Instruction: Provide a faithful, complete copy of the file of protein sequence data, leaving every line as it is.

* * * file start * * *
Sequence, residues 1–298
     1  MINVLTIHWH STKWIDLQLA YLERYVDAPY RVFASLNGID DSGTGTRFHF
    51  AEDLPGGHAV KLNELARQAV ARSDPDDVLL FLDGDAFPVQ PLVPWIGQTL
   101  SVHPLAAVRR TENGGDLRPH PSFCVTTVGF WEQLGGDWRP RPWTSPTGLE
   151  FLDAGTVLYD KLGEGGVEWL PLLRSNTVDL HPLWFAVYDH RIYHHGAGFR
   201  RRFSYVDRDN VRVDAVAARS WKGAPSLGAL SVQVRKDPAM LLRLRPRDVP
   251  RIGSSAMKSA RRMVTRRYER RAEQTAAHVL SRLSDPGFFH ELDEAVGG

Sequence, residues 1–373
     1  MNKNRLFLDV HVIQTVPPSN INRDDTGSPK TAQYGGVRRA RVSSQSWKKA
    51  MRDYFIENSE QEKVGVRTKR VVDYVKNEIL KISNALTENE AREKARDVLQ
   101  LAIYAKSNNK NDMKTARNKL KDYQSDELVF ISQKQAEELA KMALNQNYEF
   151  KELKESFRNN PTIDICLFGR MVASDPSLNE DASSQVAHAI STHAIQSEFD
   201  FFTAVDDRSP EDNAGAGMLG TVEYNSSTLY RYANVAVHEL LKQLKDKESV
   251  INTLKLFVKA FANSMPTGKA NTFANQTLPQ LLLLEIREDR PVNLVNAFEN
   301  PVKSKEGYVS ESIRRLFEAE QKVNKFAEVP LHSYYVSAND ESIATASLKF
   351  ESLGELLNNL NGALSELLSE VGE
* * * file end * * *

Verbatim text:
Sequence, residues 1–298
     1  MINVLTIHWH STKWIDLQLA YLERYVDAPY RVFASLNGID DSGTGTRFHF
    51  AEDLPGGHAV KLNELARQAV ARSDPDDVLL FLDGDAFPVQ PLVPWIGQTL
   101  SVHPLAAVRR TENGGDLRPH PSFCVTTVGF WEQLGGDWRP RPWTSPTGLE
   151  FLDAGTVLYD KLGEGGVEWL PLLRSNTVDL HPLWFAVYDH RIYHHGAGFR
   201  RRFSYVDRDN VRVDAVAARS WKGAPSLGAL SVQVRKDPAM LLRLRPRDVP
   251  RIGSSAMKSA RRMVTRRYER RAEQTAAHVL SRLSDPGFFH ELDEAVGG

Sequence, residues 1–373
     1  MNKNRLFLDV HVIQTVPPSN INRDDTGSPK TAQYGGVRRA RVSSQSWKKA
    51  MRDYFIENSE QEKVGVRTKR VVDYVKNEIL KISNALTENE AREKARDVLQ
   101  LAIYAKSNNK NDMKTARNKL KDYQSDELVF ISQKQAEELA KMALNQNYEF
   151  KELKESFRNN PTIDICLFGR MVASDPSLNE DASSQVAHAI STHAIQSEFD
   201  FFTAVDDRSP EDNAGAGMLG TVEYNSSTLY RYANVAVHEL LKQLKDKESV
   251  INTLKLFVKA FANSMPTGKA NTFANQTLPQ LLLLEIREDR PVNLVNAFEN
   301  PVKSKEGYVS ESIRRLFEAE QKVNKFAEVP LHSYYVSAND ESIATASLKF
   351  ESLGELLNNL NGALSELLSE VGE